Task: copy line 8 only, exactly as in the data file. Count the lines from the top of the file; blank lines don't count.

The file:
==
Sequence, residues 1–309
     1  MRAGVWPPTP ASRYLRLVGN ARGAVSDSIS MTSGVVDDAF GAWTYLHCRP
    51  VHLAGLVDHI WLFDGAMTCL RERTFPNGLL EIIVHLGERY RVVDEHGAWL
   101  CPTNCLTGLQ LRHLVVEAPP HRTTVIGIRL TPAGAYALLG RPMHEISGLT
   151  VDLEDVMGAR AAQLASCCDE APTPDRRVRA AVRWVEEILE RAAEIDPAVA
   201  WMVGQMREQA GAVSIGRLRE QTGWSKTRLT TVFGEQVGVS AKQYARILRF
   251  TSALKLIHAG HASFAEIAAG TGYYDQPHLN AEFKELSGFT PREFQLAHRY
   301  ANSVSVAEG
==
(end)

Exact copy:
   301  ANSVSVAEG